Our response to the reality of death affects how we live and treat life. In the words of the preacher: 'Death is the destiny of every man; the living should take this to heart'. (Ecclesiastes 7:2b)
Bringing spiritual life
When death entered our world, it did so not just in a bodily form but also spiritually and eternally. We yearn for life and see death as the intruder. The prophet Isaiah could therefore look forward to a day where God would defeat death. 'On this mountain he will destroy the shroud that enfolds all peoples, the sheet that covers all nations; he will swallow up death for ever. The Sovereign Lord will wipe away the tears from all faces; he will remove his people's disgrace from all the earth. The Lord has spoken.' (Isaiah 25:7-8)
This hope finds fulfilment in Christ: 'Very truly I tell you, whoever hears my word and believes him who sent me has eternal life and will not be judged but has crossed over from death to life'. (John 5:24) As Paul puts it, 'For if, by the trespass of the one man [Adam], death reigned through that one man, how much more will those who receive God's abundant provision of grace and of the gift of righteousness reign in life through the one man, Jesus Christ!' (Romans 5:17) We are transferred from the state of death to the state of life the moment we come and accept Christ as our Lord and Saviour. Even when we die bodily, we remain alive in Christ. For this reason, the New Testament refers to the death of the believer as sleep. (4)
'Where, O death, is your victory? Where, O death, is your sting?' (1 Corinthians 15:55)
Much of modern medicine is dedicated to fighting bodily death, both that which is untimely and avoidable and that which comes from the process of decline and age. If we consider many of our colleagues' and patients' attitudes to death, we see a strong thread. Medicine seeks to conquer and delay death - to live as long and as well as we can. It seeks to exert control over death. Thus, through medicine we come to believe that we decide the timing and means of our death. Such thinking underlies calls for the legalisation of assisted suicide and euthanasia.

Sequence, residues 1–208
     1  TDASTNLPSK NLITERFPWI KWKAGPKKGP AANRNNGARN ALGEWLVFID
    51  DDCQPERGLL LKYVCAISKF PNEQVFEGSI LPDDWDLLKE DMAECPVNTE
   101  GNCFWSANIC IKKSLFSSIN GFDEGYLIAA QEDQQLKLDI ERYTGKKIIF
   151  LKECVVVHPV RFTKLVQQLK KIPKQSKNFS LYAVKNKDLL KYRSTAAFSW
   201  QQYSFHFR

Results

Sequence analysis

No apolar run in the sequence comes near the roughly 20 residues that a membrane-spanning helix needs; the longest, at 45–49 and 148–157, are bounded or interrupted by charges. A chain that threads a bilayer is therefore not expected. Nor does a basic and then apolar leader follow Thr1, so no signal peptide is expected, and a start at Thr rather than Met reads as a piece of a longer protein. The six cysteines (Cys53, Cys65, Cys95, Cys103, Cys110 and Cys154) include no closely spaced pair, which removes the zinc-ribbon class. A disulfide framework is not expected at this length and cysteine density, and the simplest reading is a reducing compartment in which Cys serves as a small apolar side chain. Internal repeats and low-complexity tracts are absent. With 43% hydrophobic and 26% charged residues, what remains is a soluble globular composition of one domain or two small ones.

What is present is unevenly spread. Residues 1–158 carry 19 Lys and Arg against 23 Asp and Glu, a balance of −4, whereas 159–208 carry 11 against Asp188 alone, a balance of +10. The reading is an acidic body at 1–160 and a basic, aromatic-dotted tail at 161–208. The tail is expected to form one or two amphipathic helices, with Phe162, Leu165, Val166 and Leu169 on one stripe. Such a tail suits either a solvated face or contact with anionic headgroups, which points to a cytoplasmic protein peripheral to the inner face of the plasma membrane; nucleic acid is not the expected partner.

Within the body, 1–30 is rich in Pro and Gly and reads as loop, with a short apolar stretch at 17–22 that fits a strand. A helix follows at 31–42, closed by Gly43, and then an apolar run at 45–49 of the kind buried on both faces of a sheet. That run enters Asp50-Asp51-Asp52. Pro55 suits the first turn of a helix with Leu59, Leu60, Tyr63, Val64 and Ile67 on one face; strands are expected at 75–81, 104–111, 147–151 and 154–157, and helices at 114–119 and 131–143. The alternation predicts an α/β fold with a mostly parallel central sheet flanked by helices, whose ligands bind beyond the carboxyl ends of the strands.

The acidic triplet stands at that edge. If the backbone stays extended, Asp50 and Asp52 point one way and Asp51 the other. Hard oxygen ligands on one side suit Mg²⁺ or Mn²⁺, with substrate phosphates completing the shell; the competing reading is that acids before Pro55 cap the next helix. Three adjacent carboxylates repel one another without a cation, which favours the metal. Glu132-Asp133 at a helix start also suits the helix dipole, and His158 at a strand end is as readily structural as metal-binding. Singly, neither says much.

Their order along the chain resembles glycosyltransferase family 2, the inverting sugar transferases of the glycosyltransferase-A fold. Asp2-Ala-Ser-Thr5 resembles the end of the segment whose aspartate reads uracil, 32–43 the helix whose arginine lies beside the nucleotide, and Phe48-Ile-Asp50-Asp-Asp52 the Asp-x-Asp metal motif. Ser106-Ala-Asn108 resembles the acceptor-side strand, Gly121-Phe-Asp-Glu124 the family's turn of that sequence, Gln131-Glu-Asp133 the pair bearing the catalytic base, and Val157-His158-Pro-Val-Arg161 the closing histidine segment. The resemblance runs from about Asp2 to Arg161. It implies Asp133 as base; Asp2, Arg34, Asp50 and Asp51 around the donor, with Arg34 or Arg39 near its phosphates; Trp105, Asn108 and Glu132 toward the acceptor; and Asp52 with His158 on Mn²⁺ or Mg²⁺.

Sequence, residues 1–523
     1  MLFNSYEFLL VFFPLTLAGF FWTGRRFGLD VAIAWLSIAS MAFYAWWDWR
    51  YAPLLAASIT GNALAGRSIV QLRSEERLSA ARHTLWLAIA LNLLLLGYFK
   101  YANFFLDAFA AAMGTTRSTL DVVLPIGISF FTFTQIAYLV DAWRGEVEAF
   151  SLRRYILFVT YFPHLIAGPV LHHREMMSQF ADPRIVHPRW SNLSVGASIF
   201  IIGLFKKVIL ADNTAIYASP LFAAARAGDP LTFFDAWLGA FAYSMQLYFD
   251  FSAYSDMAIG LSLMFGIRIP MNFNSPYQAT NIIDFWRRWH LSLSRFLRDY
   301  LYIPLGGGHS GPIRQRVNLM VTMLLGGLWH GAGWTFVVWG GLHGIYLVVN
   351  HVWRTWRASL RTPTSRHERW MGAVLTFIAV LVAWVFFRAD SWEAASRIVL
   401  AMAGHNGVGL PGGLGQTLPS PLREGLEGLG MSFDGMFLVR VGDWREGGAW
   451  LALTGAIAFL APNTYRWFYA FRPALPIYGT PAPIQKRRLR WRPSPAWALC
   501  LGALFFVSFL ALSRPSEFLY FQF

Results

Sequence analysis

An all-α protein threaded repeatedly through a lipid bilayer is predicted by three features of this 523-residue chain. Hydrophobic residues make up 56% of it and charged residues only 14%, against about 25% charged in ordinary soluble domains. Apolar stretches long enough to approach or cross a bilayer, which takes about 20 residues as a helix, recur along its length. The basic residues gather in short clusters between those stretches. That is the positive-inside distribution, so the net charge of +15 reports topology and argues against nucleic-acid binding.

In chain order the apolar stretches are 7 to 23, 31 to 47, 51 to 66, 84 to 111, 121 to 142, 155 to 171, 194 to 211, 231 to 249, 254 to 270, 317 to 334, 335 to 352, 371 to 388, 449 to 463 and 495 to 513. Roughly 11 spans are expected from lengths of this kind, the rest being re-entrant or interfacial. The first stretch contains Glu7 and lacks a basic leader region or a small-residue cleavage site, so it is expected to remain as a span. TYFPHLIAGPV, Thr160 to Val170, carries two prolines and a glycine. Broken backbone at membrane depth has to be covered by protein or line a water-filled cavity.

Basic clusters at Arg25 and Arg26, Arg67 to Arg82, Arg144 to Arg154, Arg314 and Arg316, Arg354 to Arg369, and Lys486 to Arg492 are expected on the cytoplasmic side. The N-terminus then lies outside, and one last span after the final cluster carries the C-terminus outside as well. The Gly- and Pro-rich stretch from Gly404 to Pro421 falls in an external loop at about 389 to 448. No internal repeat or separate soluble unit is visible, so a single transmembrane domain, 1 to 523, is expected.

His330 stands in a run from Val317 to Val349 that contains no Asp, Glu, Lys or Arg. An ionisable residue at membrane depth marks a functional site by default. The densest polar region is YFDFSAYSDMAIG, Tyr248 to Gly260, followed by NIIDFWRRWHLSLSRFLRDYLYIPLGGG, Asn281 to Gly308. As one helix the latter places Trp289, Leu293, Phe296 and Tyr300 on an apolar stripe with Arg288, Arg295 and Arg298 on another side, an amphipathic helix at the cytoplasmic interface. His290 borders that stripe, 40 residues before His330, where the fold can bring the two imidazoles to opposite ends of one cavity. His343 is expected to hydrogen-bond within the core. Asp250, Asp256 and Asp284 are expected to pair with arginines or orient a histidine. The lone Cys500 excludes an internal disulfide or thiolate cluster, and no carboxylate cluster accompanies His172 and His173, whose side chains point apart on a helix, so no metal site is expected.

As those who professionally fight against the effects of decay and death, we should do so expressing care and respect for God's creation. While bodily death must be recognised and even welcomed and certainly not forever put off, it should also not be hastened.
That many of our patients are in a state of spiritual death should cause us to desire their transition to the state of spiritual life. As we practice whole person care and medicine, communicating with permission, gentleness and respect, are we willing to consider and address patients spiritual care needs utilising the wider healthcare team?
That our days are limited can be viewed as a severe mercy, for the reality of bodily death alerts us to the state of spiritual death. It is my observation that the 'wrongness' of death as experienced by patients, their families and carers can be an indicator that they are made for life.
Jesus not only redeemed us but in so doing he took on our humanity - fully God, fully human - paying the ultimate price by laying down his life for us. Our very make up and creation is not rejected by God, but sees its ultimate fulfilment in him.
Life is God's initiative, both in the physical creation of life and the way that he has opened to eternal-life through Jesus. Each human life is of immense value to God. Humanity was created for life - not death. This finds its consummation in Christ's return, when '"He will wipe every tear from their eyes. There will be no more death" or mourning or crying or pain, for the old order of things has passed away.' (Revelation 21:4)
It is my prayer that as Christians in healthcare, mindful of the predominant thinking of medicine and society, that we study and practice our craft in the light of what God says about life and death.
Life and death are truly in the hands of God.
James Tomlinson is a practising GP in the West Midlands
This article is based on a talk given at the KLF (CMF Denmark) National Conference in 2009